CS 383 – Machine Learning

Assignment 3 – Linear Regression

Introduction

In this assignment you will explore gradient descent and perform linear regression on a dataset using

cross-validation to analyze your results.

As with all homeworks, you cannot use any functions that are against the “spirit” of the assignment.

For this assignment that would mean an linear regression functions. You may use statistical and

linear algebra functions to do things like:

• mean

• std

• cov

• inverse

• matrix multiplication

• transpose

• etc…

And as always your code should work on any dataset that has the same general form as the

provided one.

Grading

Although all assignments will be weighed equally in computing your homework grade, below is the

grading rubric we will use for this assignment:

Part 1 (Theory) 15pts

Part 2 (Gradient Descent) 20pts

Part 3 (Closed-form LR) 40pts

Part 4 (S-Folds LR) 15pts

Report 10pts

TOTAL 100

Table 1: Grading Rubric

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Datasets

Fish Length Dataset (x06Simple.csv) This dataset consists of 44 rows of data each of the form:

1. Index

2. Age (days)

3. Temperature of Water (degrees Celsius)

4. Length of Fish

The first row of the data contains header information.

Data obtained from: http://people.sc.fsu.edu/ jburkardt/datasets/regression/regression.html

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1 Theory

1. (10pts) Consider the following data:

−2 1

−5 −4

−3 1

0 3

−8 11

−2 5

1 0

5 −1

−1 −3

6 1

(a) Compute the coefficients for the linear regression using least squares estimate (LSE), where

the second value (column) is the dependent variable (the value to be predicted) and the

first column is the sole feature. Show your work and remember to add a bias feature and

to standardize the features. Compute this model using all of the data (don’t worry about

separating into training and testing sets).

2. For the function g(x) = (x − 1)4

, where x is a single value (not a vector or matrix):

(a) What is the gradient with respect to x? Show your work to support your answer.

(b) What is the global minima for g(x)? Show your work to support your answer.

(c) Plot x vs g(x) use a software package of your choosing.

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2 Gradient Descent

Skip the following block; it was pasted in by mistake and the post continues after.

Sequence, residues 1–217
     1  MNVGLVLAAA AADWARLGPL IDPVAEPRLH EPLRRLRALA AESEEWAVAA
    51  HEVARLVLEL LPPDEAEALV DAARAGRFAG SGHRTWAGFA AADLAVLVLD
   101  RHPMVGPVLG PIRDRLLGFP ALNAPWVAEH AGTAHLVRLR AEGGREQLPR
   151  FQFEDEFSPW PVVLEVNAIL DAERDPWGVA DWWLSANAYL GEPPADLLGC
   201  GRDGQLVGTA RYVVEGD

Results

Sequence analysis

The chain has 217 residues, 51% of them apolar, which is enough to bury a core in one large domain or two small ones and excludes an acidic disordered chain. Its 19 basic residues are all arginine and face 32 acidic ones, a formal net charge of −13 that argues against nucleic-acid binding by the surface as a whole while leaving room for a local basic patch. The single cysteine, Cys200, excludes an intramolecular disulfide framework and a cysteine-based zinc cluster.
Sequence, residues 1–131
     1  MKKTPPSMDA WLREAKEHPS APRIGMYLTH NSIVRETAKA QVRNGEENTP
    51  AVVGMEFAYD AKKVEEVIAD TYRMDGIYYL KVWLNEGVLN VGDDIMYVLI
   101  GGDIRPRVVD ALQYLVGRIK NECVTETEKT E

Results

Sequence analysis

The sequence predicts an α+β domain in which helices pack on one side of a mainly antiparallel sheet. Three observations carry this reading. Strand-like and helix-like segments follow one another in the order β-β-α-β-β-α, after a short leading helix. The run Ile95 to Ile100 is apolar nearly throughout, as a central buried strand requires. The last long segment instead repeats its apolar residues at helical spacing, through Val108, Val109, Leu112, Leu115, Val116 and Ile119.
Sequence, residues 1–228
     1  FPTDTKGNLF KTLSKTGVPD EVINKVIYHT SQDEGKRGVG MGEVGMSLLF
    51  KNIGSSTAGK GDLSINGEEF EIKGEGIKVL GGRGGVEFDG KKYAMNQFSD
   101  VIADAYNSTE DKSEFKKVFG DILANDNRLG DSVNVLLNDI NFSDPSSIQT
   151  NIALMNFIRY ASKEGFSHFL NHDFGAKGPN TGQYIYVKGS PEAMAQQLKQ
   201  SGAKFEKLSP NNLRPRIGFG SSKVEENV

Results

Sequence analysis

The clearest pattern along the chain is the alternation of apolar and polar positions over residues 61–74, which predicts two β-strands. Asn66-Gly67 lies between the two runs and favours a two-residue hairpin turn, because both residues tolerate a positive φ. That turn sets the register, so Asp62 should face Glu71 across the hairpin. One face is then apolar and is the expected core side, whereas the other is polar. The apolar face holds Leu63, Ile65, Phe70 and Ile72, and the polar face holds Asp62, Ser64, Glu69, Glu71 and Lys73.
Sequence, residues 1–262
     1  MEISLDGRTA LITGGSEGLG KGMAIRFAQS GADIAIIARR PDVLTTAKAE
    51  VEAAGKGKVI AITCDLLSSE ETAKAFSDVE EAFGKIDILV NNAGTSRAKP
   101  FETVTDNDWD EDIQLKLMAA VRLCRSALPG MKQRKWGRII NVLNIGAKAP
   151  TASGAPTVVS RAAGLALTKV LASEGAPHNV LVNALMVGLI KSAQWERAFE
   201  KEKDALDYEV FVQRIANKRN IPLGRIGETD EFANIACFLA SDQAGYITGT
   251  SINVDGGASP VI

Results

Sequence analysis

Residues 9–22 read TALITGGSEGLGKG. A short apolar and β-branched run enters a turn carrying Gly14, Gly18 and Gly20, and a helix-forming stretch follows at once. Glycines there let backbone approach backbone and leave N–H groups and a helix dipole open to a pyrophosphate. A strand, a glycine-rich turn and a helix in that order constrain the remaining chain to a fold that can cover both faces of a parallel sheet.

In this section we want to visualize the gradient descent process on the function g(x) = (x−1)4

. You

should have already derived (pun?) the gradient of this function in the theory section. To bootstrap

the process, initialize x = 0 and terminate the process when the change in the x from one iteration

to another is less that 2−23

.

2.1 Fixed Learning Rate

First experiment with your choice of the learning parameter, η. From your theory work you should

know what the actual minima is. A common starting guess is η = 1.0.

In your report you will need

1. Plot iteration vs g(x).

2. Plot iteration vs x.

3. Chosen value of η.

2.2 Adaptive Learning Rate

Next let’s try to “intelligently” adapt the learning rate. Start with η = 1.0 and reduce η by 1/2

whenever the sign of the gradient changes. This indicates that we may have over-jumped the minima.

In your report you will need

1. Plot iteration vs g(x).

2. Plot iteration vs x.

4

3 Closed Form Linear Regression

Download the dataset x06Simple.csv from Blackboard. This dataset has header information in its

first row and then all subsequent rows are in the format:

ROW Id, Xi,1, Xi,2, Yi

Your code should work on any CSV data set that has the first column be header information, the

first column be some integer index, then D columns of real-valued features, and then ending with a

target value.

Write a script that:

1. Reads in the data, ignoring the first row (header) and first column (index).

2. Randomizes the data

3. Selects the first 2/3 (round up) of the data for training and the remaining for testing

4. Standardizes the data (except for the last column of course) using the training data